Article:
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The bears are out in full force trumpeting the news that there's a tech bubble, and the steep decline has started.
As of today's opening, the Nasdaq Composite has dropped 7.3% in just over three weeks. That drop followed an incredible run where the index climbed 28% from September 2013 through September 2014.
But according to Money Morning experts, this is unequivocally not a tech bubble.
For insight, we turned to Money Morning's Defense and Tech Specialist Michael Robinson and Executive Editor Bill Patalon, who combined have more than 60 years of experience analyzing and reporting on the technology sector.
According to both Robinson and Patalon, the recent dip we've seen in the markets is a normal occurrence, not the sign of impending doom. In fact, all the major indexes have hit a rough patch recently, not just the tech-centric Nasdaq.
Since hitting a high on Sept. 19, the S&P 500 has dropped 5.6%. The Dow Jones Industrial Average hit a high of 17,350.64 the same day and has slid 4.7% since.
These tremors could signify a correction in the coming months – but make no mistake – this is not the second coming of the dot-com crash…
What a Tech Correction Looks Like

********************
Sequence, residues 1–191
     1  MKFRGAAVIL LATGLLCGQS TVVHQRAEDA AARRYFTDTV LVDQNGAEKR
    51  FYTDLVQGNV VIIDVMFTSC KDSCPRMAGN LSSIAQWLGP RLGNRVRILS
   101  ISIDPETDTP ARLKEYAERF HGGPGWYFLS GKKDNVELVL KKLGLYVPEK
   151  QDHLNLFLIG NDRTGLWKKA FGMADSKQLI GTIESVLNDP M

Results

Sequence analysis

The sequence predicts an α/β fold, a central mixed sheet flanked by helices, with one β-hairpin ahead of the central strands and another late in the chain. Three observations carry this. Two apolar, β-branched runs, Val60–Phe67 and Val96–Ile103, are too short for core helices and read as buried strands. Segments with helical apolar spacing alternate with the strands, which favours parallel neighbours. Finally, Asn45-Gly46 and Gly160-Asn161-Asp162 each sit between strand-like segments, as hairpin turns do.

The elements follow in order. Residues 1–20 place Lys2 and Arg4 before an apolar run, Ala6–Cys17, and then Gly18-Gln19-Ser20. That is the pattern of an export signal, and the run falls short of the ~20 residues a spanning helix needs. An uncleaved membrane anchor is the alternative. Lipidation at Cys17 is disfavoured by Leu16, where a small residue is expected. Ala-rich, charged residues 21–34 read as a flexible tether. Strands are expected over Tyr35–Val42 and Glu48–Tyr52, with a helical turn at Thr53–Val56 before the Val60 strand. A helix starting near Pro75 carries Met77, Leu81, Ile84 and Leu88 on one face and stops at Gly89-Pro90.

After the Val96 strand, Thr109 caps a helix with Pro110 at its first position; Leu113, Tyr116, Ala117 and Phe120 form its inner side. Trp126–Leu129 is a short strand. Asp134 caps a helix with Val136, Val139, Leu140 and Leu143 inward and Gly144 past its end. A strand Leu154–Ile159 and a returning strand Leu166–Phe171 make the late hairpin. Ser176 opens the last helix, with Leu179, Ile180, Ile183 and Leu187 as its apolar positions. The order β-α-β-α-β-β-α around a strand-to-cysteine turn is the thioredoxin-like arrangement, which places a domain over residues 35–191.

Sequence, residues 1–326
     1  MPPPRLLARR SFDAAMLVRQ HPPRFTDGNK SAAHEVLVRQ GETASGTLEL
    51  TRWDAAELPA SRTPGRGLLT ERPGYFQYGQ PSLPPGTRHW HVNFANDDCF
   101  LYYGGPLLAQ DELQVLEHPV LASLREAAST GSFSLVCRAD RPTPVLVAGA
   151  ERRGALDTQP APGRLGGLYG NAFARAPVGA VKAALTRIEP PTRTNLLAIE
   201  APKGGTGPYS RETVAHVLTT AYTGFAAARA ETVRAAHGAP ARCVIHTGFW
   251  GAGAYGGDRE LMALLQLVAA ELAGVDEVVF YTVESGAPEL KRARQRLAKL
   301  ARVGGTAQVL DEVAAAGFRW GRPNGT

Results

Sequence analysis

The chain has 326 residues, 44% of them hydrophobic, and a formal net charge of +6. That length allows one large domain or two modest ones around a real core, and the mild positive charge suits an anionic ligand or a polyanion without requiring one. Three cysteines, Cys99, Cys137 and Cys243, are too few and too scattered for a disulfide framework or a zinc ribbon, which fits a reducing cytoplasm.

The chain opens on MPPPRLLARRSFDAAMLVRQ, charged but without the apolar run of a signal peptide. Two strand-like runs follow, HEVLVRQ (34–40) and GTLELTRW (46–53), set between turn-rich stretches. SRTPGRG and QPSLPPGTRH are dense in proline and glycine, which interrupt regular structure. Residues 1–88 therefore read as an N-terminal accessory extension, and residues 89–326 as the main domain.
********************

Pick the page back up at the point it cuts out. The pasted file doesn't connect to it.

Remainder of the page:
A stock market correction is defined as a 10% drop from a market's high. A bear market is reached after a 20% dip.
On the other hand, a "bubble" bursting is a cataclysmic crash in the market. At the height of the dot-com crash, the Nasdaq fell 80% in just two years. And it still hasn't reached the highs of over 5,000 points it set in 2000, more than 14 years later.
When the Dow Jones collapsed in October of 1929, it took 25 years for the index to reach its previous peak.
We're not anywhere near that now. In fact, we're still nearly 3% away from a true correction.
And this recent dip in the markets is actually a pattern that Robinson has been expecting all year…
"I predicted this would occur months ago – I said the Dow was going to hit 17,000 and then people are going to panic," Robinson said. "You've gone five years without a major correction and people are a little bit worried. You start to see a small correction and people start to panic."
According to Patalon, investors could end up seeing a prolonged dip in the market, but not a crash.
"It's a possibility that we see a long-term correction, possibly even a bear market," Patalon said. "But this is not the dot-com era all over again."
Here's how the current tech climate differs from the infamous crash of 2000 to 2002…